Web-spinning Barklouse, Vol. 4, No. 27
Your Extension Experts
June 4, 2015
May 19, 2015
May 15, 2015
May 5, 2015
Janie was sitting on the back deck drinking her first cup of coffee when she saw it. Something was wrong with the live oaks. All three of ‘em! She put down her cup, slipped out of those fuzzy, zebra-striped slippers and into her garden clogs, and trotted into the backyard for a closer look. The trunks and larger limbs were completely encased in some sort of white silk-like material—all the way around the tree and all the way up the trunk! Her first thought was spiders. Big ones! Practical jokers was the next thing to come to mind. It was getting close to Halloween. Maybe Mary Beth was finally getting back at her for that time …? Janie didn’t have her contacts in yet, so she could not see the brown, aphid-sized insects that were the real cause of the problem.
This was the work of web-spinning barklice, a phenomenon only seen in the southern portion of the state, primarily in Coastal counties, and most often on live oaks, but occasionally on other hardwoods. Barklice feed on algae, lichen, fungi and similar organic materials that occur on tree bark and other plant surfaces, causing no harm to the plants that host them. Many species of barklice occur in the state, and several other species spin protective coverings of silk webbing over themselves, but the web-spinning bark louse is the only species that produces such dramatic amounts of webbing. Web-spinning barklice are not social insects like ants and bees, but they are gregarious, and the sheets of webbing they produce provide protection from predators and help maintain a more humid and favorable environment for the entire community. Like most other insects, web-spinning barklice are more abundant some years than others.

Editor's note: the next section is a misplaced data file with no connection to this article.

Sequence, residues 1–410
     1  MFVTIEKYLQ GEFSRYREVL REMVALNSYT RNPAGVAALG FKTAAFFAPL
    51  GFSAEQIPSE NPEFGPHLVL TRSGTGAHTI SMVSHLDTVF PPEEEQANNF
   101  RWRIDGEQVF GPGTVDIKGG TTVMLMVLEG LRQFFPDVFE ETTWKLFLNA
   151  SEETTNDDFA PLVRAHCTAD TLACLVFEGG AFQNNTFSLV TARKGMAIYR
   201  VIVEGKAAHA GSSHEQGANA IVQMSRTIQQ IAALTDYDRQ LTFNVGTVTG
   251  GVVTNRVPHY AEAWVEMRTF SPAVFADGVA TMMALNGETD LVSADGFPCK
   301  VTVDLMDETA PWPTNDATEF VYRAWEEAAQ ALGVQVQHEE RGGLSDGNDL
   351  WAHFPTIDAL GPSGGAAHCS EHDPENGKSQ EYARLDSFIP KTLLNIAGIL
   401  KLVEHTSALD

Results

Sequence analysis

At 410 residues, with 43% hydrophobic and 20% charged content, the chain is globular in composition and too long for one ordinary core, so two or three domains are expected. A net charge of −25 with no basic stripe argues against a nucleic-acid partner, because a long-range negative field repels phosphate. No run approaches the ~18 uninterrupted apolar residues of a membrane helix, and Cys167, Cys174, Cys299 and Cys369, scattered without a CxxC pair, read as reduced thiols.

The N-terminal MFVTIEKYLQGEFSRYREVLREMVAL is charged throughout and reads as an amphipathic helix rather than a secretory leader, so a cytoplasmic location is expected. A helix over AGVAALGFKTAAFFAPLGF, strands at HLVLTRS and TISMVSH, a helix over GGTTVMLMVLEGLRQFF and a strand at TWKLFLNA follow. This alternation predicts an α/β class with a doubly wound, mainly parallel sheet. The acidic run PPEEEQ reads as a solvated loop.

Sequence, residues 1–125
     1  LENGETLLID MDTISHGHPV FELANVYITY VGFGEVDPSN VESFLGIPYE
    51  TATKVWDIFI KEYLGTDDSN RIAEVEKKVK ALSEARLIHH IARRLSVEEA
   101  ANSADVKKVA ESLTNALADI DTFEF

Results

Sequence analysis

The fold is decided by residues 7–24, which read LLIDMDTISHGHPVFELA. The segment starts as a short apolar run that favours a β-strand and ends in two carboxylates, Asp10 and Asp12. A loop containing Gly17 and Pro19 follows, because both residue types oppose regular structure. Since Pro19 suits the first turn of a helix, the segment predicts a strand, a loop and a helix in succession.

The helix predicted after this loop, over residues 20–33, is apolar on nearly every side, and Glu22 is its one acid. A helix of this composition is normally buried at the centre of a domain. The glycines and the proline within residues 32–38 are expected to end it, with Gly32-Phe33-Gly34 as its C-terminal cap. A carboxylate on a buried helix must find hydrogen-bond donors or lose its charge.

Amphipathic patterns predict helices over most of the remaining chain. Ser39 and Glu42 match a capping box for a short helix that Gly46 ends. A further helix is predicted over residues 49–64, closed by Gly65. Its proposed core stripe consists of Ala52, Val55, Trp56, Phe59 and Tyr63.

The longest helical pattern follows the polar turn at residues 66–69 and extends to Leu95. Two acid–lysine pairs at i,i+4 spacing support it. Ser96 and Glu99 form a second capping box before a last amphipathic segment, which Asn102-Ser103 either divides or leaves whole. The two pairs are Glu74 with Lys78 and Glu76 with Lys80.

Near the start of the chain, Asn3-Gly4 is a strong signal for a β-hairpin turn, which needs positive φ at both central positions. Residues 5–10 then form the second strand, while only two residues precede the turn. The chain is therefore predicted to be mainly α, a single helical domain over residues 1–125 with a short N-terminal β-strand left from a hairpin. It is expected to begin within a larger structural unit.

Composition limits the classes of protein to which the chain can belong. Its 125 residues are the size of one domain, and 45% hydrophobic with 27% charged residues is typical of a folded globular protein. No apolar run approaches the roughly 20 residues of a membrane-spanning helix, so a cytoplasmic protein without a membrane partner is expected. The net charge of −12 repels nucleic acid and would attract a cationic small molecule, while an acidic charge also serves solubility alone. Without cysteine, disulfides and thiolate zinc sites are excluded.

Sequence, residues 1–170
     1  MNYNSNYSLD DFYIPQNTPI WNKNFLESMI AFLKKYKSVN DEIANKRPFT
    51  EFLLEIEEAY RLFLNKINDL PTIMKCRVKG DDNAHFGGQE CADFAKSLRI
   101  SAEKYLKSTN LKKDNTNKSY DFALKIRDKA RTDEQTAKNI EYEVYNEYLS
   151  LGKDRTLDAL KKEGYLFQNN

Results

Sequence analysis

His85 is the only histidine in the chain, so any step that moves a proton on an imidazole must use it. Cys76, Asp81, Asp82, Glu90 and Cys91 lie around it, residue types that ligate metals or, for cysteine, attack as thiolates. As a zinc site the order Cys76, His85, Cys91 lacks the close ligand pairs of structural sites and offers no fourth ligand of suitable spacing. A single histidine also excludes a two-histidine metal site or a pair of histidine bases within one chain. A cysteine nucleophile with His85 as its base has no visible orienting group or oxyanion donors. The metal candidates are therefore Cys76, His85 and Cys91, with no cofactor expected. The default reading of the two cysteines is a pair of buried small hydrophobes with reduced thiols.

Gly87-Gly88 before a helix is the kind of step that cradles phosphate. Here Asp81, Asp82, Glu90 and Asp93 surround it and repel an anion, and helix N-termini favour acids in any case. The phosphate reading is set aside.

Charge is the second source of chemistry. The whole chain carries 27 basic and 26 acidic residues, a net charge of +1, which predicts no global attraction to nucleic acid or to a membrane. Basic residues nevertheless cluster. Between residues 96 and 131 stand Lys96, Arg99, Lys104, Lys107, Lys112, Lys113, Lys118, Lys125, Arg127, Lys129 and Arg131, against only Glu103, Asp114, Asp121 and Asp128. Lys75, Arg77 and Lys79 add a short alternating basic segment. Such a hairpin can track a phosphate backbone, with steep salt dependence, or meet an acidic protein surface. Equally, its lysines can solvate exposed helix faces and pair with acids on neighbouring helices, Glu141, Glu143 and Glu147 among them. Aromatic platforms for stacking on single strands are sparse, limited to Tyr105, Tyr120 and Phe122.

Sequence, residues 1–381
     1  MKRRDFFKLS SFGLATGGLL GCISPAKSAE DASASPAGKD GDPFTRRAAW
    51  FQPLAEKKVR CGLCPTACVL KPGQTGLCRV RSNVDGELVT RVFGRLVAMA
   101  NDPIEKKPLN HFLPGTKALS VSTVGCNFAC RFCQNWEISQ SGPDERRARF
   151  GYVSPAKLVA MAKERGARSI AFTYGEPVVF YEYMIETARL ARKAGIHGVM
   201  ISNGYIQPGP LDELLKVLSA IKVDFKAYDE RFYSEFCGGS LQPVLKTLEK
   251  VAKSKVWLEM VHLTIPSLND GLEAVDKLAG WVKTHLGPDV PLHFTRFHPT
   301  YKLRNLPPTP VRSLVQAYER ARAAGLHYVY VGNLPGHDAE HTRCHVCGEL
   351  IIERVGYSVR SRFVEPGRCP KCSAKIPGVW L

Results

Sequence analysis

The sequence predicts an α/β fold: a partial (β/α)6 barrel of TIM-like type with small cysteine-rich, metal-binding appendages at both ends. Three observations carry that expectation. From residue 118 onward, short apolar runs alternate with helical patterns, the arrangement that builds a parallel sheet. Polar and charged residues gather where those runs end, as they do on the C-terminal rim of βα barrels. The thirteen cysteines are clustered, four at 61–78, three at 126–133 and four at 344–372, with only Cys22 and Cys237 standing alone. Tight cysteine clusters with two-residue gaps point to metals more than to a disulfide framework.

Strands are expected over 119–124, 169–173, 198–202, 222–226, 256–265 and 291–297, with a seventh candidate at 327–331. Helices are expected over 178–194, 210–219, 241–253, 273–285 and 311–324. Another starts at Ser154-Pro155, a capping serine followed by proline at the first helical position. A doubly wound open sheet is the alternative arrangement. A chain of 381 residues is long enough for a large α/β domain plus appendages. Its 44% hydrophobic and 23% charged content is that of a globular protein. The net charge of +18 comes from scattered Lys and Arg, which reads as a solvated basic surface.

What to do about them? Get a magnifying glass and see if you can spot some of the insects that produce this webbing. If the layer of webbing is thin enough, you can look directly through it. Otherwise, you may have to carefully rake away a section of webbing. Look for small brown, aphid-sized insects hidden among crevices in the bark. The immatures will be wingless, but adults have wings that they carry folded, tent-like over their bodies. Other than exercising your curiosity in this way, there is nothing else that really needs to be done about webbing barklice. They, along with the webbing they produce, are harmless to trees, and the webbing will soon weather away as winter approaches.
Blake Layton, Extension Entomology Specialist, Mississippi State University Extension Service.
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